His friends laugh and drink as the girl turns quickly and goes into the kitchen. I can hear the chef talking, but can’t make out the words. I take a few last bites of my balsamic-drizzled caprese, grab my Sunrunner Magazine, and step out the door into a blinding wall of heat and sun.

After a couple dozen miles I decide that I need a palate cleanser and stop at an AM/PM. Spending lots of time in the desert makes me crave salt, so I usually buy Payday bars. But this time I go for a Skor. As I’m reaching down for it a black man comes right up next to me and leans over, too. “Gotcha a little sweet tooth?” he whispers, almost in my ear. This is startling, but the man smiles at me so good-naturedly that as we both straighten up I’m disarmed. He’s wearing a filthy t-shirt and swaying. He seems a little drunk.

“Yeah,” I reply, also whispering, feeling conspiratorial for some reason. “Sometimes I just need a little dessert.”

He grins and blinks his eyes in a funny way before going into his pitch. “Hey, man. You don’t have maybe five dollars I could borrow for gas, do you?” He gestures weakly towards the pumps where he surely has no car. Or truck. Or ATV, for that matter. But I like this guy more than the bro’s, so I give him a dollar, trying to not draw attention from the cashier, who is looking warily in our direction. I tell the man to take care. He tells me to have a nice night and seems to really mean it.

Outside the sun is beginning to set over the spiky mountains, yet it somehow feels hotter. I don’t know how that happens in the desert, but every now and then I notice it. Maybe it’s just my imagination. Now I’m planning on doing a little off-road exploring the following day, but I didn’t bring any sunscreen. Despite my fondness for blast-furnace landscapes, I really hate suntans. A sunburn seems an affront to myself of my own doing, like spitting in my own face. So I drive further into this little town, the softening purple-blue horizon thick with mountains, reminding me why I’m out here in the first place. I begin looking for a drug store.

The first place I come to is Wal-Mart, of course. But they tend to put me in a bad mood. Since I’m pretty much already in a bad mood, I press on. Next, oddly enough, is a K-Mart. Where America shops. The red-headed stepchild to Target’s good son when I was growing up. K-Mart’s seem increasingly rare and I find no reason to ask why as I wander the ravaged shelves under brutal fluorescent lights with a handful of other spaced-out-looking customers. Finally, I find Health and Beauty and choose my protection.

Back outside it’s getting dark and as I head to my car another man sees me across the sand-strewn parking lot, sunscreen swinging in the plastic bag at my side, and begins to walk quickly over. I can feel the heat radiating off the asphalt as I slow down and then come to a full stop. I decide to wait because the man is wearing broken-down cowboy boots with thick, dingy green sweatpants tucked into them. He’s also got on a vest that looks like something a Boy Scout might have made, covered in patches and badges, and cut crudely out of a dark felt material. Underneath the vest he’s bare-chested, his skin the tone and texture of old leather. Finally, he’s sporting a crumpled, sweat-stained, black Stetson, but it’s too large and sits too low, barely above his eyes. As he approaches, he pushes the hat up.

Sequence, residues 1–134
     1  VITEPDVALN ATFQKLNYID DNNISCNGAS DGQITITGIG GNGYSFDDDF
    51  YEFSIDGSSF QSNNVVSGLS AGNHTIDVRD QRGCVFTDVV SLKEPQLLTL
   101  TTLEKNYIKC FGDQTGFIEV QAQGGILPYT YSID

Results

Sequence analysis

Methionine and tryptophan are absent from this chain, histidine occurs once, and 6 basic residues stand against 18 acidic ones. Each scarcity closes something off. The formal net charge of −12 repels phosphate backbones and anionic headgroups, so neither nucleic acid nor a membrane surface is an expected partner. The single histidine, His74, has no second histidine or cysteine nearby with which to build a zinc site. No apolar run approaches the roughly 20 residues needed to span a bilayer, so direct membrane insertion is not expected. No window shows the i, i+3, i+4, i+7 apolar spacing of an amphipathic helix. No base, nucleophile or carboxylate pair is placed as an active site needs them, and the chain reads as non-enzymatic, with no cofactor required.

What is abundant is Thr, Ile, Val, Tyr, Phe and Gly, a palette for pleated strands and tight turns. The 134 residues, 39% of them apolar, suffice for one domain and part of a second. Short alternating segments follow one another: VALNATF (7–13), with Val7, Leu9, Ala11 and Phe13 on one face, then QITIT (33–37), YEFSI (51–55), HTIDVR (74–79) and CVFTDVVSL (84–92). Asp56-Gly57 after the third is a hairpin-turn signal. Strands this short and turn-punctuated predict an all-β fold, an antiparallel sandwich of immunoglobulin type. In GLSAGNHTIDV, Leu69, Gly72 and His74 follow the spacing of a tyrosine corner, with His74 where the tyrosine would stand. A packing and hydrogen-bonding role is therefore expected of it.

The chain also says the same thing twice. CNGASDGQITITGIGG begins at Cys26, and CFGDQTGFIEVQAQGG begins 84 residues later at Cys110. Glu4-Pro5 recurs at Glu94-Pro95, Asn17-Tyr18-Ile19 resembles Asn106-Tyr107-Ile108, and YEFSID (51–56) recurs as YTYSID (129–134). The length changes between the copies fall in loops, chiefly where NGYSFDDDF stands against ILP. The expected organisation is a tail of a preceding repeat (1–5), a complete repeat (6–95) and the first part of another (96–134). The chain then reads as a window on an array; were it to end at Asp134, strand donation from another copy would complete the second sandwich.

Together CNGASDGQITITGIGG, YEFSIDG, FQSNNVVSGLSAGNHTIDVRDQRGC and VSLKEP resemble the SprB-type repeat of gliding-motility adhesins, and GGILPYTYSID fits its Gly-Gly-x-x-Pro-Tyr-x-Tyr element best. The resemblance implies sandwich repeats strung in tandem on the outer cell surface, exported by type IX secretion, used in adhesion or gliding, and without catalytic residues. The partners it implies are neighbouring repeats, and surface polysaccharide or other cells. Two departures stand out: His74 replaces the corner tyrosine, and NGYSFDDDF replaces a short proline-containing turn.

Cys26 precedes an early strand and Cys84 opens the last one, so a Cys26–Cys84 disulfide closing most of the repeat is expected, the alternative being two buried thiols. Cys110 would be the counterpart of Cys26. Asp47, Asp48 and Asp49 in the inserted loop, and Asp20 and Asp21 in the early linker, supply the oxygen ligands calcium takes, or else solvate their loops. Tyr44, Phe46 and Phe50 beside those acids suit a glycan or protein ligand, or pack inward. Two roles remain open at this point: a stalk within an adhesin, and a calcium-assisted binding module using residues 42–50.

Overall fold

“Hello, sir. Could you spare any change for a burger?”

My curiosity is probably obvious. “Isn’t it a little hot for sweatpants out here?”

The man laughs with seemingly genuine mirth and strikes a pose. “I’m a…a…a…”--he waves a hand theatrically, searching for words--“cock-eyed cowboy.” Crossing his ankles he tilts to one side and then seems to almost curtsey.

I tell him he’s got an interesting look.

“Thank you,” he replies, nodding his head. “Everyone wants to be interesting but nobody wants to pay the price. Me? You can see I paid the price. I may have even paid too much.” He laughs again. “All I can afford now are some ratty-ass sweatpants, a vest I found in a box, and a hat that’s too big for my head.”

I like this guy best of all and give him whatever cash I have left, which turns out to only be $3.72. We wish each other well and go our separate ways into the still desert night, the stars blinking on one-by-one overhead, the waxing yellow moon just clearing the jagged peaks, bathing us both in a gentler kind of light.

But soon enough the warring sun will rise again, and back at the hotel I tell the manager I’ll be checking out the next day. I take my copy of Sunrunner up to my room so I can read more about that highway I’ll be driving in the morning.